The ICSA renewed its call to the government for further support to the sheep sector as it has been “the worst hit by Brexit’’ at a crisis meeting held in Carrick-on-Shannon on Tuesday night. Secretary Eddie Punch warned “meat processors are going to have to find a way to return a better price” to farmers for lamb, but also highlighted that “there is unfinished business in the lack of support for the sheep sector by the government, where despite our best efforts we have a sheep scheme worth €12 per ewe”.

The group is seeking support from the Brexit crisis fund, with the weak euro as a result of Brexit, plus the trade deals that the UK have made with Australia and New Zealand, leading to Irish lamb being less competitive price-wise.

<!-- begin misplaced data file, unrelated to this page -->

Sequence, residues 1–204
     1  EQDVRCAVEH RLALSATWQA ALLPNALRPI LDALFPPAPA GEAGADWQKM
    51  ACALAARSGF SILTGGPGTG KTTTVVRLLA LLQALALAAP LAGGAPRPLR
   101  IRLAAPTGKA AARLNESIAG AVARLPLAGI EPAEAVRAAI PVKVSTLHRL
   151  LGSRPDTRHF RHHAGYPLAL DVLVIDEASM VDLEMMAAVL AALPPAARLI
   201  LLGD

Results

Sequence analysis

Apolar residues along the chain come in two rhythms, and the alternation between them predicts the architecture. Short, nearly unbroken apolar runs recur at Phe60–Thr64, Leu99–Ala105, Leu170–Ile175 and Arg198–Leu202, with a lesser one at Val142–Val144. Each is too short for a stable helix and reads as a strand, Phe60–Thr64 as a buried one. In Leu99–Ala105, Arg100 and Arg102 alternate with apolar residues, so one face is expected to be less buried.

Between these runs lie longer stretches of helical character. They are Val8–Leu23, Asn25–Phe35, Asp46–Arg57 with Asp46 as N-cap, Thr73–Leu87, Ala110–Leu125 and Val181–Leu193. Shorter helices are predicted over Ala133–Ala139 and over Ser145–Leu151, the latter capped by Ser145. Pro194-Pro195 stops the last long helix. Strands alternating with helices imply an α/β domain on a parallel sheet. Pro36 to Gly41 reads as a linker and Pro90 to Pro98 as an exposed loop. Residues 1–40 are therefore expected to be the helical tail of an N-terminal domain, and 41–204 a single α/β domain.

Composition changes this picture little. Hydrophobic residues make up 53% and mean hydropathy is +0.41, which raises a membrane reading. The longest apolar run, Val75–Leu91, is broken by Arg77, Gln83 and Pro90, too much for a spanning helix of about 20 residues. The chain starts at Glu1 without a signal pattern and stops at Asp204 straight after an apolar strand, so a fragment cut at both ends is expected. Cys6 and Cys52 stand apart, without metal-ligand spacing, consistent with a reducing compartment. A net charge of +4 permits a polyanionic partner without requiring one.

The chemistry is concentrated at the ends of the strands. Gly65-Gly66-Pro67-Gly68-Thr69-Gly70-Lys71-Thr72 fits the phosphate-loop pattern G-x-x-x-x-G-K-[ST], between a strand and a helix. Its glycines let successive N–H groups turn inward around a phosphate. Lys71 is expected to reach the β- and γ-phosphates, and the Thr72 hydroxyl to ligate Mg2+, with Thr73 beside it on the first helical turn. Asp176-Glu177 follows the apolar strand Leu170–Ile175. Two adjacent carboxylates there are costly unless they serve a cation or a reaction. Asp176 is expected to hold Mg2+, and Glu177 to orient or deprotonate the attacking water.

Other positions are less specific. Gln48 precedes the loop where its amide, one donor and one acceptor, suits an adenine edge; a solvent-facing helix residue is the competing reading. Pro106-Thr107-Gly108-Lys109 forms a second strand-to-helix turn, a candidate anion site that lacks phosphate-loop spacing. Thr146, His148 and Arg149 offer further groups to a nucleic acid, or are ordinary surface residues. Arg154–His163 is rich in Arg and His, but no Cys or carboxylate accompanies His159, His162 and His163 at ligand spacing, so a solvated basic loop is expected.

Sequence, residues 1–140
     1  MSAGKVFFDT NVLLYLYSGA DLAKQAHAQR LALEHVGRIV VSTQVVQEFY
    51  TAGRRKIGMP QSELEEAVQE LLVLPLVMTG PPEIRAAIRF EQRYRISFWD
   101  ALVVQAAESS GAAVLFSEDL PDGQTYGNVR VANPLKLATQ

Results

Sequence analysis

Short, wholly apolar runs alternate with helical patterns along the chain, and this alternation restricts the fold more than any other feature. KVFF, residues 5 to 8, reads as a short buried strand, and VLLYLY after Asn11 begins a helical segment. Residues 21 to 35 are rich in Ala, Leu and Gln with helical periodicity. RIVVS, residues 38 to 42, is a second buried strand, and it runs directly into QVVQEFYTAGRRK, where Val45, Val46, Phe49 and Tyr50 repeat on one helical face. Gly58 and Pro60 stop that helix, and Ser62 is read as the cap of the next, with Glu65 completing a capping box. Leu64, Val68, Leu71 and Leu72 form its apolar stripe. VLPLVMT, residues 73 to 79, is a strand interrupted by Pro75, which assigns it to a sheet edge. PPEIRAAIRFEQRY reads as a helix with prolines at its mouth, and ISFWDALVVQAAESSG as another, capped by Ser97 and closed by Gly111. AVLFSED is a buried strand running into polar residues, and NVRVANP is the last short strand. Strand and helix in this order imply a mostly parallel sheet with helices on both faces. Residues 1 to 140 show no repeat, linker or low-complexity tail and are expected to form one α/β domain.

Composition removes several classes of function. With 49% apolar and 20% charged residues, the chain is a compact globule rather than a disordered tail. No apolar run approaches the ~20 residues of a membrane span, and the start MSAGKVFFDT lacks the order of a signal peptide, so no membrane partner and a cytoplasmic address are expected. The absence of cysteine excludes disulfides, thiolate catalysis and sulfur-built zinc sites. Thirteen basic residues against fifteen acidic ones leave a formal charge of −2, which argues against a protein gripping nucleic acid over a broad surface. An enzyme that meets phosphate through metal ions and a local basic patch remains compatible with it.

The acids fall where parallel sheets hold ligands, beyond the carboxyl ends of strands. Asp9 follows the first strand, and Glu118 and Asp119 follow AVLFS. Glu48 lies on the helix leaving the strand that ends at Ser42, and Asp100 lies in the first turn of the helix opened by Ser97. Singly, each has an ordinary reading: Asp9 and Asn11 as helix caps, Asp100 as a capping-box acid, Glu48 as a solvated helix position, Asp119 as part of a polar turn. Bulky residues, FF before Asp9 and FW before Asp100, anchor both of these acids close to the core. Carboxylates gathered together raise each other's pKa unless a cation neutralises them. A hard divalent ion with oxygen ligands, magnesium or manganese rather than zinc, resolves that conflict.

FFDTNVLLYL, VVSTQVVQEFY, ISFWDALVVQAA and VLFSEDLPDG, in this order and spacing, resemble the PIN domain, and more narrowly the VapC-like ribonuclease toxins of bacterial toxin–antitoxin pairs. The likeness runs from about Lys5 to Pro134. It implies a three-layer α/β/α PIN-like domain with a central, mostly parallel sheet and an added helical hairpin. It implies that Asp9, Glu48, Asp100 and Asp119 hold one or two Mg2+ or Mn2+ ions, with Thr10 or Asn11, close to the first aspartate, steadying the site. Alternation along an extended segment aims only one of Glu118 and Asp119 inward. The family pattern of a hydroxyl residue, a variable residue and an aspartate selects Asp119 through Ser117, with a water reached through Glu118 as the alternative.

Sheep chair Sean McNamara highlighted his frustration with current prices and the length of time it was taking to access valuable Chinese and US markets as the UK and home market comes under pressure.

Bord Bia representative Seamus McMenamin said the approval of factories for the Chinese market had been almost complete before the COVID-19 pandemic, with these factories having to restart the process after restrictions had lifted.

Bord Bia has a suite of campaigns ready for these markets, but cannot actively market Irish lamb until product starts enter the US and China.